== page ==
91. April 22, 1990 ABC, The Miracle Planet: “I think we’re in trouble. When you realize how little time we have left–we are now given not 10 years to save the rainforests, but in many cases five years. Madagascar will largely be gone in five years unless something happens. And nothing is happening.”
That’s some super-duper science, huh?
How do climate scientists explain these enormous failures? By either denying them, or resorting to ad hoc (after the fact) reasoning which paints themselves as heroes.
All of those doom-and-gloom predictions that never came to pass? Climate change scientists, the real-life superheroes that they are, prevented them from happening. You see, those weren’t examples of the failures of climate science predictions, but examples of the success of climate science policies.
At least, that’s what climate change scientists tell us.
You don’t think they’d lie, do you?
Reason 2: “Do As We Say, Not As We Do.”
It’s Pop Quiz time, ladies and gentlemen (and anyone in between).
Q) You believe the fate of the planet, and all of humanity, rests on getting climate change under control by limiting our carbon footprint. Do you:
A) Live a modest, responsible lifestyle, designed to minify your carbon footprint.
B) Live a jet-flyin’, limousine-ridin’ lifestyle, with an Andre the Giant-sized carbon footprint.
If you’re a decent, moral human being, your answer would be easy: A
If you’re a climate change scientist? Well . . .
As the U.K.’s Telegraph pointed out, 2009’s Climate Change Summit in Denmark included more than 1,200 limos and 140 private jets.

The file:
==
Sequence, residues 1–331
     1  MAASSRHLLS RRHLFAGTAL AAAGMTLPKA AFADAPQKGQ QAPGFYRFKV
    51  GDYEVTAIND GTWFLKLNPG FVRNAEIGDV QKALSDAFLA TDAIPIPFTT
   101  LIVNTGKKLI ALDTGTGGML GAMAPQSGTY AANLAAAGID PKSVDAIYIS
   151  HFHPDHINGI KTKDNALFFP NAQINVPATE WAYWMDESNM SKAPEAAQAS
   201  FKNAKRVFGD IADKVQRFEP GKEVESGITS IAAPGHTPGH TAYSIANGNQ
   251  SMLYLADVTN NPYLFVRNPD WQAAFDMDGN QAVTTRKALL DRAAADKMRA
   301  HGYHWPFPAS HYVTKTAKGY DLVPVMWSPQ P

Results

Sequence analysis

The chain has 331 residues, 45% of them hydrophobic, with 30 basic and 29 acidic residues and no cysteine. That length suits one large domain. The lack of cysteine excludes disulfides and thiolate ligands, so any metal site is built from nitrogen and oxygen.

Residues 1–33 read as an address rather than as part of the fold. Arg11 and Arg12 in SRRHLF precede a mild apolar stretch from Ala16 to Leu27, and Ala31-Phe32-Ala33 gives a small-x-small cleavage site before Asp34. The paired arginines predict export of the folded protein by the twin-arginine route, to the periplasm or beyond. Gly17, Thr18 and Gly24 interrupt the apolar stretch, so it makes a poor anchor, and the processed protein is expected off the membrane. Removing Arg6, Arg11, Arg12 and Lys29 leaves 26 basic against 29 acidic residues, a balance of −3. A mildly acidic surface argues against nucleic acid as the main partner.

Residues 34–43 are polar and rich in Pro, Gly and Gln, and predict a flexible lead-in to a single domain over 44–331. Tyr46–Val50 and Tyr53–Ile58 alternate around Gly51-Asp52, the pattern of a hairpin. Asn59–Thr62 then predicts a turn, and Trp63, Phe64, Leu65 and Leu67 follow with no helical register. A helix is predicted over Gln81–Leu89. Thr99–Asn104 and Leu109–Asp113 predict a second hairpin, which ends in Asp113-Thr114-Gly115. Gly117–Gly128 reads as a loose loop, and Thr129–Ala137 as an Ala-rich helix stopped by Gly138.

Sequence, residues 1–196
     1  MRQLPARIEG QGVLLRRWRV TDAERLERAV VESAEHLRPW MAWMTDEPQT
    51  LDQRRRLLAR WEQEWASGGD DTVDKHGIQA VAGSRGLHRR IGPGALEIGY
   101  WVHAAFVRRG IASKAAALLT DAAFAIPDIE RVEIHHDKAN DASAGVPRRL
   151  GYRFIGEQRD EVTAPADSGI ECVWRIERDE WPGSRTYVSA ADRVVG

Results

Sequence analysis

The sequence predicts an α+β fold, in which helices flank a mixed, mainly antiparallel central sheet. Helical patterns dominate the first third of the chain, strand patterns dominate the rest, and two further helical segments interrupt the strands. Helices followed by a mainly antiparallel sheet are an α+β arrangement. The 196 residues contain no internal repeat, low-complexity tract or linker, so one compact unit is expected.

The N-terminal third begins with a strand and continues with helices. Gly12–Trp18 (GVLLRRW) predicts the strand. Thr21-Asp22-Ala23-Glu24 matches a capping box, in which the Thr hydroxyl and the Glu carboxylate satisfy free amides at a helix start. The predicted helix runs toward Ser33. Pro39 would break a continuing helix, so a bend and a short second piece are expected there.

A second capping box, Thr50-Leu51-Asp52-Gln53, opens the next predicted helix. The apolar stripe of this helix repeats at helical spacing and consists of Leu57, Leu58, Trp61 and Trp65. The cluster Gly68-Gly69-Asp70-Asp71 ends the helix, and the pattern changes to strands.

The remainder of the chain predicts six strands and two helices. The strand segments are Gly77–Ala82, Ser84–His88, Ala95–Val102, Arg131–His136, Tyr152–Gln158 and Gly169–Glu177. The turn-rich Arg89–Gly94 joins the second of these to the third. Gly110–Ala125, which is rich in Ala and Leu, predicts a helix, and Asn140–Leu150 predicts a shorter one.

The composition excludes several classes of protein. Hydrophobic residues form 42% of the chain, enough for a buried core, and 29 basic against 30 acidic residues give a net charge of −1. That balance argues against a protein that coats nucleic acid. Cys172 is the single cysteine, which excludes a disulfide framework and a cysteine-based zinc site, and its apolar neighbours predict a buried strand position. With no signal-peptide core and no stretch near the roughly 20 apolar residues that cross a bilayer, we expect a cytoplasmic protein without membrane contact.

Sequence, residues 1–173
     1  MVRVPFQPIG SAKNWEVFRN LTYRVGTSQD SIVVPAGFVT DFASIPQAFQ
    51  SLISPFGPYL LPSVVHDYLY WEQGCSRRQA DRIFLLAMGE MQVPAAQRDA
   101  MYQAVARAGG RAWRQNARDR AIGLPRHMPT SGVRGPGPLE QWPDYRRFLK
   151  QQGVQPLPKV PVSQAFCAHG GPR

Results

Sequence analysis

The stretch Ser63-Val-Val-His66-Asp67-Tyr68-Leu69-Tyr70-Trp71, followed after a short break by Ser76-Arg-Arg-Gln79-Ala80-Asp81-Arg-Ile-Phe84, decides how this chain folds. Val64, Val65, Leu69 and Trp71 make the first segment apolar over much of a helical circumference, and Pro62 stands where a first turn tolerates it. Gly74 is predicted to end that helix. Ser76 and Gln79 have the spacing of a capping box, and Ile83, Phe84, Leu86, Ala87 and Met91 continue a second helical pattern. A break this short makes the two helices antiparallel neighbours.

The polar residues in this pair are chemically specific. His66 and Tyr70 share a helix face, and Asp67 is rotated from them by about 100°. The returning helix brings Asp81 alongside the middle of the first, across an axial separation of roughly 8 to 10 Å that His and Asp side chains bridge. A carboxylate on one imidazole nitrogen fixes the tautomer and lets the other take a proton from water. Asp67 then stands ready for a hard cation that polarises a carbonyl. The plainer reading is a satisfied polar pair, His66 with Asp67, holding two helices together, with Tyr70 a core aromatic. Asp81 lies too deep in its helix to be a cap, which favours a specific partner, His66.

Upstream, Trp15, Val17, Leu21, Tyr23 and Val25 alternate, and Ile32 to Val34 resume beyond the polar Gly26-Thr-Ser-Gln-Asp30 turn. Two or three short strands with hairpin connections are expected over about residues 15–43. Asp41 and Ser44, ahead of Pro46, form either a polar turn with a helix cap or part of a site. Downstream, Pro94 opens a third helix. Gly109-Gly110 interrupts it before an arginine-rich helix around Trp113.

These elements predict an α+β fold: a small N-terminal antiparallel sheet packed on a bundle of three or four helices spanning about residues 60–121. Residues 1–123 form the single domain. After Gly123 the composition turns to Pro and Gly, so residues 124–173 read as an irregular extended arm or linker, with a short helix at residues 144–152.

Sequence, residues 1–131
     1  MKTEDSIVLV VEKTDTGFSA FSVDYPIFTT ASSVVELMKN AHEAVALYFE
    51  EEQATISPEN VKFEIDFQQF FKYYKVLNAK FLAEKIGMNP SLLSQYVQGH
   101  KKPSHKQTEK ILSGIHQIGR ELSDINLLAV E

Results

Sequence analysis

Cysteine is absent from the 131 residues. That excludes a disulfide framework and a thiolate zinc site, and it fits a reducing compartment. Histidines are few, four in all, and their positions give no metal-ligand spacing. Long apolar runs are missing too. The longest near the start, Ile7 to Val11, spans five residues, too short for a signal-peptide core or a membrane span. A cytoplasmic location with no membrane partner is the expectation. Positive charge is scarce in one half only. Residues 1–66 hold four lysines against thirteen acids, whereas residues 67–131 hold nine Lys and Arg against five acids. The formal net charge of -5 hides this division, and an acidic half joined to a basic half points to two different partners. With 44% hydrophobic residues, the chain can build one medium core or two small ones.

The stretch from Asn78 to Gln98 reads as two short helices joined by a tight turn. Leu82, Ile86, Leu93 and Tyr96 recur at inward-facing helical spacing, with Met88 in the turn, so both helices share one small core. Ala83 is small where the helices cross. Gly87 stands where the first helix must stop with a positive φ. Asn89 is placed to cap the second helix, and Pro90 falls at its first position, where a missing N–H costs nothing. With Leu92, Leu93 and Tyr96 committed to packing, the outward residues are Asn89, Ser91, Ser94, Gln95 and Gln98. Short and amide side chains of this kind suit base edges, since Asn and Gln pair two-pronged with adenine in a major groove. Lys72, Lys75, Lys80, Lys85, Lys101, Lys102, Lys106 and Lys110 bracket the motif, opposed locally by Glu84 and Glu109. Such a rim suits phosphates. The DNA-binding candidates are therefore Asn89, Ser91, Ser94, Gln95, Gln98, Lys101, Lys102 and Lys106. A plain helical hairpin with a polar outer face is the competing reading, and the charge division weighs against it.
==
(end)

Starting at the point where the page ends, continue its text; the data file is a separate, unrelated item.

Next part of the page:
This isn’t uncommon. Many of climate change’s top alarmists are wealthy, and live the lifestyle that comes with it.
According to CBS News, one of climate change’s loudest alarmists, former vice president Al Gore, has a net worth of $200,000,000. What kind of house can one live in with that type of money? Apparently, a pretty damn big one. We’ll let CBS News tell you:
In 2007, for instance, public records revealed that the energy consumption at his Nashville home was 20 times the national average.
Clearly, Mr. Gore is someone who cares about the planet, just not enough to sacrifice his own luxuries.
Do as he says, not as he does.
Actor Leonardo DiCaprio is another well-known climate change advocate. He’s on record as stating that climate change is the greatest threat to the human species.
He’s also known to live the high life of private jets, fancy cars, mansions, and rather large yachts, all creating a carbon footprint several times larger than the average person’s.
Climate change is hugely important to Leo . . . just not important enough to give up his playboy lifestyle.
Either Leo is bull*censor*ing about how strongly he believes in climate change, or (by his own standards) he’s a self-centered monster who’s damaging the planet, and endangering lives, all in return for a good time.
What does all of this this tell us?
For one, it tells us climate charm alarmism sure does pay well.
More importantly, it tells us that these alarmists are either very stupid, or very unethical people.
So, are we dealing with egotists who pretend to care about the planet for their own wealth and power?
Are we looking at con-men who are selling snake oil under the guise of valid science?
Maybe we’re simply dealing with a whole lot of morons, who are so lacking in self-awareness that they can’t notice their inconsistent behavior?
I have a good idea the correct answer, but I’ll let you, dear reader, come to your own conclusion. I think we both know what’s correct.